Palu families search the rubble for loved ones killed in earthquake and tsunami
The official death toll stands at over 800, but everyone knows that figure will only continue to rise
Standing on white tiles smeared with blood, Baharuddin looks absently at the bodies strewn across a hospital courtyard in front of him in Palu, Indonesia.
“I have one child, he’s missing,” the 52-year-old says. “I last spoke to him before he went to school in the morning.”
He is looking for one small body among these dozens of corpses lying in an open courtyard at the back of the medical centre, baking under Sulawesi’s fierce tropical sun.
Only one building separates a triage area for the living from this makeshift morgue. It is a mosaic of yellow, blue and black body bags punctuated only by hands reaching up in rigor mortis.
This police hospital in Palu has become a focus point for shell-shocked residents hoping for news of loved ones after the 7.5 magnitude quake and subsequent tsunami on Friday.
The official death toll stands at over 800, but everyone knows that figure will only continue to rise.
In a police tent, people clutching photos and passports ask after relatives.
Outside an elderly woman – her head covered in a T-shirt to ward of the stench – crouches in the dirt and sobs.
By midday on Sunday, 320 bodies had been through the centre, hospital authorities said, but a stream of ambulances, police and army vehicles unloads corpses with alarming regularity.
Many people return day after day to undertake the grim task of looking through the bodies.
Amamsyah, who was searching for four missing cousins, says he is desperate for news.
“I’ve been here three times, everyday,” says Amam, 28, who like many Indonesians only has one name. “I hope I find them – I’m going to fight to find them.”
But it is a race against time. The Indonesian authorities announced on Sunday that they would soon begin to dispose of the bodies, a desperate bid to prevent a catastrophic situation from getting even worse.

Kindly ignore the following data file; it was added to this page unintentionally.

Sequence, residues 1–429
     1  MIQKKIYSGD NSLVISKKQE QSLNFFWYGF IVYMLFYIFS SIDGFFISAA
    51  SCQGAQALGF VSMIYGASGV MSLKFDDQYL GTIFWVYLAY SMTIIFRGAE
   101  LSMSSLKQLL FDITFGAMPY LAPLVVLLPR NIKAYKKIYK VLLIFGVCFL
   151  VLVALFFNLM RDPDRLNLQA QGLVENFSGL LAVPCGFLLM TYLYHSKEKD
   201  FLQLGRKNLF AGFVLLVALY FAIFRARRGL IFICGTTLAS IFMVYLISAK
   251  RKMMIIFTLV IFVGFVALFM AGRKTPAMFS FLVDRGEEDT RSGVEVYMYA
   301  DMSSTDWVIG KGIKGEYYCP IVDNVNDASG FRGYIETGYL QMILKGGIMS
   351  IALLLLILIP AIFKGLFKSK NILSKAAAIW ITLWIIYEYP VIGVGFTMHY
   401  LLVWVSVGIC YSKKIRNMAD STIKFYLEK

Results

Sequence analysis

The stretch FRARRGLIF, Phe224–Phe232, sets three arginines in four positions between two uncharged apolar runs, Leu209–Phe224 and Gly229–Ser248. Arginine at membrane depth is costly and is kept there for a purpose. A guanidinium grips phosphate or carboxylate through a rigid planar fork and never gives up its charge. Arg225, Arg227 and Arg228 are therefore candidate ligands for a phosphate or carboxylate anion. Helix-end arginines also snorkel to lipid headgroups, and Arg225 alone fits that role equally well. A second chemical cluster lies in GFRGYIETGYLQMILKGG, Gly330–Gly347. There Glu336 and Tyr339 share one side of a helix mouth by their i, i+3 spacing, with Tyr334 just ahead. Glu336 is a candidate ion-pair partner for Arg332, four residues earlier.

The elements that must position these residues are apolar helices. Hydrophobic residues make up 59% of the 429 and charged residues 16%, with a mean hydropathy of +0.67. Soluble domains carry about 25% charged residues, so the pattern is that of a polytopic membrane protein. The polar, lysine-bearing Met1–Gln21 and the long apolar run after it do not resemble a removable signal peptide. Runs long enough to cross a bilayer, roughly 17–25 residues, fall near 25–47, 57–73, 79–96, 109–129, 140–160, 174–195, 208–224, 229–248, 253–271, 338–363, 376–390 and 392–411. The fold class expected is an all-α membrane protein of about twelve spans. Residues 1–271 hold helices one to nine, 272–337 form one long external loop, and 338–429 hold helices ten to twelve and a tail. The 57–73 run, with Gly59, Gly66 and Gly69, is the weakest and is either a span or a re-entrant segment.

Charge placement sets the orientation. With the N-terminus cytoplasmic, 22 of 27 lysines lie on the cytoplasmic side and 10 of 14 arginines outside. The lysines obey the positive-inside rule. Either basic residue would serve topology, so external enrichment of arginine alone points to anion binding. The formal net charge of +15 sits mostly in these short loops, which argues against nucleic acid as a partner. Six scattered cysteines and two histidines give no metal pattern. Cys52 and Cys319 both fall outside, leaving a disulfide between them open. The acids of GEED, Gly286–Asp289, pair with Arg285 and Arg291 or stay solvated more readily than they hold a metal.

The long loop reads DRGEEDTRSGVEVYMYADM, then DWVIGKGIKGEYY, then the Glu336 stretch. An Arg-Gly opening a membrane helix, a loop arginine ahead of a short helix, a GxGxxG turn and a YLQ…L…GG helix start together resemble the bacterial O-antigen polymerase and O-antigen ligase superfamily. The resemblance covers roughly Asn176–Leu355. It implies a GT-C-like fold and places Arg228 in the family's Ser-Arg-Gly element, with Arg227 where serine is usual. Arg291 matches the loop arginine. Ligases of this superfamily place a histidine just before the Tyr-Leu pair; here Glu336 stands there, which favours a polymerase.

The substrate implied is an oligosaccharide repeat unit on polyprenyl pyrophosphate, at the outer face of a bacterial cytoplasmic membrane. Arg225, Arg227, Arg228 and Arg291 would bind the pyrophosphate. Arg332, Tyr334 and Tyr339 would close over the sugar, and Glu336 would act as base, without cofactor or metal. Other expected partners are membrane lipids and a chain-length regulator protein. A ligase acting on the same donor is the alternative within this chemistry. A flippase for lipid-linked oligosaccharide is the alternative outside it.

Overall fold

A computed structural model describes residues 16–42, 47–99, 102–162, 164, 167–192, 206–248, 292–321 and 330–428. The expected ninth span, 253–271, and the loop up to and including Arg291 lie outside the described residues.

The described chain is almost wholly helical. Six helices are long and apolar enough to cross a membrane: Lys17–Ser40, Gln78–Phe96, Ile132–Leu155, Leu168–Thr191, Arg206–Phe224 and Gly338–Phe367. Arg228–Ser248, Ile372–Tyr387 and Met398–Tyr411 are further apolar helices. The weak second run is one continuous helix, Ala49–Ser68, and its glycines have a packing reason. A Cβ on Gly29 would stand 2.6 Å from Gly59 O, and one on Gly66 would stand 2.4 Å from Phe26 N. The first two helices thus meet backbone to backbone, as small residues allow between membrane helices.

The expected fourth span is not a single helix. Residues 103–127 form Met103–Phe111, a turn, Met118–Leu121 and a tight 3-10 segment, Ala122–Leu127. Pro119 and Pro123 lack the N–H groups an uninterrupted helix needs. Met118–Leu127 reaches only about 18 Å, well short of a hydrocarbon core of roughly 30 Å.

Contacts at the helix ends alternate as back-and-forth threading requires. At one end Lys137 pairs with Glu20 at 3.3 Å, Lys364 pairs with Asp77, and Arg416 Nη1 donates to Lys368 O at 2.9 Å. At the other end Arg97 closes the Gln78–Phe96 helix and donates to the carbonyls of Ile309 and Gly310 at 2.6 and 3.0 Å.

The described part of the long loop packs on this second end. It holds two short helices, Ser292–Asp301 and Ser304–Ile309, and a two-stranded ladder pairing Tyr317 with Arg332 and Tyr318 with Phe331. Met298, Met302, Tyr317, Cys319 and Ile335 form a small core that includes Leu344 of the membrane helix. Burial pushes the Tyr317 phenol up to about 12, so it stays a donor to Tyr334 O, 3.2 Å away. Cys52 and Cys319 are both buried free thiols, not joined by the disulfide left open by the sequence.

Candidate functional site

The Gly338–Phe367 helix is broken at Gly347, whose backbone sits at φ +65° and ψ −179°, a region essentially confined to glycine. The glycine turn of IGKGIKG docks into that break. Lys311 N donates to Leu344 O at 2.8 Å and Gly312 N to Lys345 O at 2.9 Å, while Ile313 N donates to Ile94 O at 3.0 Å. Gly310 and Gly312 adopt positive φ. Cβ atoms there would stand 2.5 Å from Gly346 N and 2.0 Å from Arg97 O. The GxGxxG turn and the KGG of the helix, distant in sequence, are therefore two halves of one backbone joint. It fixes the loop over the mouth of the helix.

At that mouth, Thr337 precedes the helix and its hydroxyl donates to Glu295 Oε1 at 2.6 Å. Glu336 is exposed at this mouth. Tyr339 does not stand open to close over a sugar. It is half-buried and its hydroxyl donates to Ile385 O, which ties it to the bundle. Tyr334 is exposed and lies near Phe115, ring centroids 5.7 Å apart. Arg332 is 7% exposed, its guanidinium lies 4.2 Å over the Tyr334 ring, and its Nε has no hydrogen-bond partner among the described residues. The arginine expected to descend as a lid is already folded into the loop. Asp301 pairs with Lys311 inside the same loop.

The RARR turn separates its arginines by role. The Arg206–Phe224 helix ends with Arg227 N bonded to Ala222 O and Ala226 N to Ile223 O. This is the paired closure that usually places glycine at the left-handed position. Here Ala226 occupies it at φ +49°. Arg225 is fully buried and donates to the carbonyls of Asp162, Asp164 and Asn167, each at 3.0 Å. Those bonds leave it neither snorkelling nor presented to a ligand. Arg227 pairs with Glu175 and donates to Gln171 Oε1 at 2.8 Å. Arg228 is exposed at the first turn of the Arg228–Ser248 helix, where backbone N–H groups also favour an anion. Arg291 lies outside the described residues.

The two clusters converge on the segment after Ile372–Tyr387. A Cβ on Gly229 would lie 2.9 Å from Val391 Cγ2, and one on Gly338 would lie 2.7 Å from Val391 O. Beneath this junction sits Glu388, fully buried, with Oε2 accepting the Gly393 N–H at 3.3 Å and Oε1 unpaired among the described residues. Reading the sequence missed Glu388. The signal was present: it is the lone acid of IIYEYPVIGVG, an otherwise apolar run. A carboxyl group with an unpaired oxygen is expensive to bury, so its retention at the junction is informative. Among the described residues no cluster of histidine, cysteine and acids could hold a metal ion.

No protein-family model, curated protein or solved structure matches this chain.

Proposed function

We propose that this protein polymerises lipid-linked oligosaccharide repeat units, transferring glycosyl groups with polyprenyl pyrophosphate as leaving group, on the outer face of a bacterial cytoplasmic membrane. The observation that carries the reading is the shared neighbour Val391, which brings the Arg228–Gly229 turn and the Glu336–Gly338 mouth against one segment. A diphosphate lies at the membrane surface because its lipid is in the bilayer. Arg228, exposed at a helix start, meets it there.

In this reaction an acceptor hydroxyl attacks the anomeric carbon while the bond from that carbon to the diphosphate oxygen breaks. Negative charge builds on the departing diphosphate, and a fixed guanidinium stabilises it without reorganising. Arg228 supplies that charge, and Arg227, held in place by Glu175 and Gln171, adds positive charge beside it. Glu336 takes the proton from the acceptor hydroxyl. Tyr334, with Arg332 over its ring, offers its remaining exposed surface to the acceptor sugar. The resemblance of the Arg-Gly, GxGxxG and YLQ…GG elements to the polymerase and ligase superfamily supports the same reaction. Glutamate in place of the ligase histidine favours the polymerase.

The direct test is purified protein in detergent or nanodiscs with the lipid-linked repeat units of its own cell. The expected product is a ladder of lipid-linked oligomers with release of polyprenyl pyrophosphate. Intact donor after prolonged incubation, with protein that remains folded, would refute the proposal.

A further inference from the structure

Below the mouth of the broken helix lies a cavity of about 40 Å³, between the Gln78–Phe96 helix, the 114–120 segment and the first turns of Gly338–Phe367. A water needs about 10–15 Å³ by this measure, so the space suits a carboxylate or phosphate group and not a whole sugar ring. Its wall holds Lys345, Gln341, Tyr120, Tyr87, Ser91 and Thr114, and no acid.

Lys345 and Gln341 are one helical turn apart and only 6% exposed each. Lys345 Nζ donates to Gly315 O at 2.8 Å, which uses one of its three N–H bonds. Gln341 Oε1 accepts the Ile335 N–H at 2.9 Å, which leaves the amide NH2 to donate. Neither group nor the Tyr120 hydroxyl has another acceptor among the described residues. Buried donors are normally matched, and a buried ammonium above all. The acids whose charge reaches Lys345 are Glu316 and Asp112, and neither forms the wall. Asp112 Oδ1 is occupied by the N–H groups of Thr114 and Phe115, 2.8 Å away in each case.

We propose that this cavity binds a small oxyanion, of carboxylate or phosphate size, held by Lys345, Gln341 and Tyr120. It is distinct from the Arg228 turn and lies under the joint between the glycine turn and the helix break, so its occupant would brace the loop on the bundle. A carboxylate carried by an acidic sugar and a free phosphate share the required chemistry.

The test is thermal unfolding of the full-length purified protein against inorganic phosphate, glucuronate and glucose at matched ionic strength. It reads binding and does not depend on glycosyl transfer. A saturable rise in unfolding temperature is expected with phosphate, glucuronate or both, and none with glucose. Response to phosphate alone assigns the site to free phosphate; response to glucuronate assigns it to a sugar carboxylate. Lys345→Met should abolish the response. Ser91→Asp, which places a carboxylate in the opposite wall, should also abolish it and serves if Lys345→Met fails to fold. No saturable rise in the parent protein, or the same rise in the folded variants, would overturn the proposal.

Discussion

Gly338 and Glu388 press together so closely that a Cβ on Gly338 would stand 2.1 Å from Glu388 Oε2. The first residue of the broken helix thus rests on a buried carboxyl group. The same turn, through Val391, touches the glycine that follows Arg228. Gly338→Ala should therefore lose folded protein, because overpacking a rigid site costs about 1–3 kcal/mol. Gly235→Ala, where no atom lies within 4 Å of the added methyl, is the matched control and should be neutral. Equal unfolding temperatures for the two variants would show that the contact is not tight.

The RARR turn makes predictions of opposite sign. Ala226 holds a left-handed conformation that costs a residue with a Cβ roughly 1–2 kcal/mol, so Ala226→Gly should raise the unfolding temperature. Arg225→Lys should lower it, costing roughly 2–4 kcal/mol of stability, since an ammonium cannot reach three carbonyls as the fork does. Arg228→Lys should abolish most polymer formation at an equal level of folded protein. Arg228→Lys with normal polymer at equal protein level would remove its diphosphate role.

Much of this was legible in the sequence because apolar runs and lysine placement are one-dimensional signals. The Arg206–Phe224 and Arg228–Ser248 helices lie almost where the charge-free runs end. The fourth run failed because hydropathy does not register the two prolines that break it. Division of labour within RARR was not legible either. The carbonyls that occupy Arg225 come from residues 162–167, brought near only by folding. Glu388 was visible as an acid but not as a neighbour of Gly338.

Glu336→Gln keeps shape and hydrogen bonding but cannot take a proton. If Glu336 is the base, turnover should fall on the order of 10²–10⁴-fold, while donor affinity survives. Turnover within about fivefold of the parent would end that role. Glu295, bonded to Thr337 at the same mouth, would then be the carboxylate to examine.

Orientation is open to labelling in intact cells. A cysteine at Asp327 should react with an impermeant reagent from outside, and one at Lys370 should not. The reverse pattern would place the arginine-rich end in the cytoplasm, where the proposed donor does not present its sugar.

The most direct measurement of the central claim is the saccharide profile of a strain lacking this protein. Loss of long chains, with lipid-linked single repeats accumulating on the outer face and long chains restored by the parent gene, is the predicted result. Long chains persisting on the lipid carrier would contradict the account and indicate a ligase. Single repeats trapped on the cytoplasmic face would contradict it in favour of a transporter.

“Today we will start the mass burial of the victims, to avoid the spread of disease,” says Sutopo Purwo Nugroho, a spokesman for the Indonesian National Board for Disaster Management.
Bodies like these can easily fuel the spread of typhoid or cholera.
The authorities say they will take finger prints and digital images to allow for facial recognition technology at a later date, making sure the dead do not remain anonymous.
For those hoping to say one last goodbye in person, or deliver a proper burial, time is painfully short.
But Baharuddin is not giving up on his son.
“I’ll keep searching for him until I find him,” he says.
Some Indonesians desperate to trace loved ones missing are turning to social media sites like Facebook to aid their search.
With the scale of the disaster still unclear, telecommunications patchy and some areas still out of reach, families are posting photos, descriptions of lost family members and contact numbers in the hope of learning more.
“Have you seen any of my family members in these photographs?” asks one user on one Facebook group with 6,843 members. “I want to know if they are safe there. I haven’t got any information on them until this moment. Connection is still cut off. Let me know if you see them.”
Others are trying to help friends still in Palu, the city believed to be the worst-affected.
“Please help, anybody in Palu and areas near the city. Family members of my friend are still missing until now,” says one post asking for information about a father, mother and a toddler living in the city.